1980-88: Iran-Iraq war. When Iraq invades Iran, the U.S. opposes any Security Council action to condemn the invasion. U.S. soon removes Iraq from its list of nations supporting terrorism and allows U.S. arms to be transferred to Iraq. At the same time, U.S. lets Israel provide arms to Iran and in 1985 U.S. provides arms directly (though secretly) to Iran. U.S. provides intelligence information to Iraq. Iraq uses chemical weapons in 1984; U.S. restores diplomatic relations with Iraq. 1987 U.S. sends its navy into the Persian Gulf, taking Iraq's side; an overly-aggressive U.S. ship shoots down an Iranian civilian airliner, killing 290.
1981, 1986: U.S. holds military maneuvers off the coast of Libya in waters claimed by Libya with the clear purpose of provoking Qaddafi. In 1981, a Libyan plane fires a missile and two Libyan planes shot down. In 1986, Libya fires missiles that land far from any target and U.S. attacks Libyan patrol boats, killing 72, and shore installations. When a bomb goes off in a Berlin nightclub, killing two, the U.S. charges that Qaddafi was behind it (possibly true) and conducts major bombing raids in Libya, killing dozens of civilians, including Qaddafi's adopted daughter.
1982: U.S. gives "green light" to Israeli invasion of Lebanon, killing more than 10,000 civilians. U.S. chooses not to invoke its laws prohibiting Israeli use of U.S. weapons except in self-defense.
1983: U.S. troops sent to Lebanon as part of a multinational peacekeeping force; intervene on one side of a civil war. Withdraw after suicide bombing of marine barracks.
1984: U.S.-backed rebels in Afghanistan fire on civilian airliner.
1988: Saddam Hussein kills many thousands of his own Kurdish population and uses chemical weapons against them. The U.S. increases its economic ties to Iraq.
1990-91: U.S. rejects any diplomatic settlement of the Iraqi invasion of Kuwait (for example, rebuffing any attempt to link the two regional occupations, of Kuwait and of Palestine). U.S. leads international coalition in war against Iraq. Civilian infrastructure targeted. To promote "stability" U.S. refuses to aid post-war uprisings by Shi'ites in the south and Kurds in the north, denying the rebels access to captured Iraqi weapons and refusing to prohibit Iraqi helicopter flights.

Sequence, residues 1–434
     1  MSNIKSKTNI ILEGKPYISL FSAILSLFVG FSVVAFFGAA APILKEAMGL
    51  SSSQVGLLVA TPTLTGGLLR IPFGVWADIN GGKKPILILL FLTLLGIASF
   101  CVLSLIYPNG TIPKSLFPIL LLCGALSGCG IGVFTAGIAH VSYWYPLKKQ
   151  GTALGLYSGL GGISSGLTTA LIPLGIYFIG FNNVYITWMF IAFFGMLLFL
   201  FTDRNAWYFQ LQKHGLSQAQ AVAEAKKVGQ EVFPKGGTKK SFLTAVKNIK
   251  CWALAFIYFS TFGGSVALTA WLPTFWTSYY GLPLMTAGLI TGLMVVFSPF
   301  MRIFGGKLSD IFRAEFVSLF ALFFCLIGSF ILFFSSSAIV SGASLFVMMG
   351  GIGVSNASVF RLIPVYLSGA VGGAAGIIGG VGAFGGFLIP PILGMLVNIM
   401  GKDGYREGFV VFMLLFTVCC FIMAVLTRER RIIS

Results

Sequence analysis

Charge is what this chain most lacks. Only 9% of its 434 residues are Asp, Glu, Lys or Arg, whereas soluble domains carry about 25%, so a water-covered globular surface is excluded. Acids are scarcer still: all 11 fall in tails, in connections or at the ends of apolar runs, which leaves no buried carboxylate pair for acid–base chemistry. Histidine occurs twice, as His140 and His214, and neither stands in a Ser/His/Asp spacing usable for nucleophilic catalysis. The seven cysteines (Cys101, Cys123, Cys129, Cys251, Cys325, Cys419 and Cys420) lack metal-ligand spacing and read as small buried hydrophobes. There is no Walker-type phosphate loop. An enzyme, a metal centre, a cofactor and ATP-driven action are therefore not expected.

1991-: Devastating economic sanctions are imposed on Iraq. U.S. and Britain block all attempts to lift them. Hundreds of thousands die. Though Security Council had stated that sanctions were to be lifted once Saddam Hussein's programs to develop weapons of mass destruction were ended, Washington makes it known that the sanctions would remain as long as Saddam remains in power. Sanctions in fact strengthen Saddam's position. Asked about the horrendous human consequences of the sanctions, Secretary of State Madeleine Albright declares that "the price is worth it."
1993-: U.S. launches missile attack on Iraq, claiming self-defense against an alleged assassination attempt on former president Bush two months earlier. 1998: U.S. and U.K. bomb Iraq over the issue of weapons inspections, even though Security Council is just then meeting to discuss the matter.
1998: U.S. destroys factory producing half of Sudan's pharmaceutical supply, claiming retaliation for attacks on U.S. embassies in Tanzania and Kenya and that factory was involved in chemical warfare. U.S. later acknowledges there is no evidence for the chemical warfare charge.
Stephen R. Shalom (revised, 22 September 2001)
Forwarded by William J. (Bill) Thomson